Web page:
• Stay indoors. Do NOT go outside. There are three parts to the storm - the front half, the eye and the back half. The back half is the worst.
  • When the eye passes everything will go calm but remember there will be the back half of the storm.
  • Wait for officials to give you the okay to go outside.
  • If you are in a flood-prone area avoid ground floor refuge.
  • DO NOT attempt to drive away of evacuate while the storm is raging. Just “hunker down” until it is over.
  • Cover windows with blankets from the inside to protect from flying debris. A mattress can help to protect you of debris starts flying.

Pet Health and Safety:

  • Make sure all pets wear securely fastened, up-to-date identification. Write your contact information on temporary tags and place on the back of your pets ID.
  • Animals act differently under stress. Secure your pet with leashes and carriers when outside of your home. Never leave them unattended. Even the most trustworthy pets can panic, hide, bite or scratch.
  • All pets in shelters must be in an airline-approved pet carrier.
  • Transport snakes in pillowcases. Travel with food if frequent feedings are required. Take bowl of water and a heating rock.
  • Transport birds or lizards in a secure travel cage or carrier. Use a plant mister to hydrate.

Property and Household:

  • If evacuating, plan on at least four times the travel time the route would require under normal conditions. The roads will get busy and traffic will be slow.
  • Upon arrival at shelter or emergency location, update friends and family that you’re safe.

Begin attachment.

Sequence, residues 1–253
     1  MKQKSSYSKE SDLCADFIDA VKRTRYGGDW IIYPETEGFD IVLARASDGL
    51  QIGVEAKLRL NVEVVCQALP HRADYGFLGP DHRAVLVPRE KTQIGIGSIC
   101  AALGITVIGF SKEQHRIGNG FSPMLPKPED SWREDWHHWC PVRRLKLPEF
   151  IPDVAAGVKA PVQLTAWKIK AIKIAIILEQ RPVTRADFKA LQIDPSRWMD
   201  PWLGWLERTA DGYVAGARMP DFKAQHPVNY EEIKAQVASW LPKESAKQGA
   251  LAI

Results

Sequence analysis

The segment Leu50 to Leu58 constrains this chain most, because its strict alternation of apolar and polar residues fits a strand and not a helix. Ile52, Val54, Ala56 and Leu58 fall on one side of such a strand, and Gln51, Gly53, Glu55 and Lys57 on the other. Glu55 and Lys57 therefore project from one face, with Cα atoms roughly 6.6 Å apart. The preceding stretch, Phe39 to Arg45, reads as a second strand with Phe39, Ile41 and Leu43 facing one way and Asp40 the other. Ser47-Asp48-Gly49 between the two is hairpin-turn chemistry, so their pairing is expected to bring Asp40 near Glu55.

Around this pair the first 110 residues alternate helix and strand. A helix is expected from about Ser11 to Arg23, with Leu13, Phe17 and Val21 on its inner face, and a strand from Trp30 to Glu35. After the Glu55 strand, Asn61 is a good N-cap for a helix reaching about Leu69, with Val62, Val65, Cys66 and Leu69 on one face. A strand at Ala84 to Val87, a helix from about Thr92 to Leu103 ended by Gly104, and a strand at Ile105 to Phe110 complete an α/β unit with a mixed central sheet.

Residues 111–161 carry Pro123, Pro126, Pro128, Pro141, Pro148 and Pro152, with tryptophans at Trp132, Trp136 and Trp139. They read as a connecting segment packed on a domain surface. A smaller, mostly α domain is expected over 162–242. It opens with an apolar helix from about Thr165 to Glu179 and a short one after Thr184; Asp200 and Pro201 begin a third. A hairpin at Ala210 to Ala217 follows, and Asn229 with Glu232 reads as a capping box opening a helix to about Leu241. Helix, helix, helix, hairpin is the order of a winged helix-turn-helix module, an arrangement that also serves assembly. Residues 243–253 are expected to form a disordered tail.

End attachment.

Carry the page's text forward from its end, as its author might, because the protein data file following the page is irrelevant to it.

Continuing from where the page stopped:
• Vehicles should be parked in the safest possible location to minimize storm damage.
  • Monitor local news and weather updates. Keep your out-of-area point of contact updated on how you are doing.
  • Turn power off at the source if you evacuate and also during peak periods for potential outages or surges.
  • If evacuating, lockup your home.

After the Storm

How do you, your loved ones and your household begin to get back to normal? How do you know when it’s safe to leave your shelter? Who can provide assistance immediately and in the days and weeks to come after the storm.

Family and Safety:

  • Avoid driving until authorities clear roadways of debris, downed power lines, clogged storm drains and life threatening hazards.
  • Don’t drive through standing water - stranding, injuries and flash flood hazards are likely.
  • Be wary of downed power lines or broken utility lines (water, sewer, gas, phone, cable, etc.). Report these to authorities. Do not attempt to repair.
  • Storm debris may camouflage hidden dangers, including downed power lines, frightened wild animals, or contamination from sewage or fuel spills.
  • Boil water alerts occur when water supplies are contaminated. Boil for 10 minutes; re-oxygenate before using. Purify stored water: 8 drops of liquid chlorine bleach per gallon.
  • Use care in consuming canned and stored foods. Check for mold or bacteria.
  • Never use grills indoors. Have a fire extinguisher on hand.
  • Always wear shoes when outside of the home.

Pet Health and Safety:

  • Retrieve pets from shelters or care-givers as soon as it is safe to do so. Notify local shelters of lost/missing animals as soon as possible.
  • Use ID packet to assist in identification of missing animals.
  • When you return home, give your pets time to settle back into their routines.
  • Don’t allow pets outside until authorities give the all clear.

Property and Household Assets:

  • Start clearing fallen trees and major limbs debris.
  • Refrain from clothes and dish washing until all utilities have been properly restored.
  • Seek further information from emergency radio and/or your local news.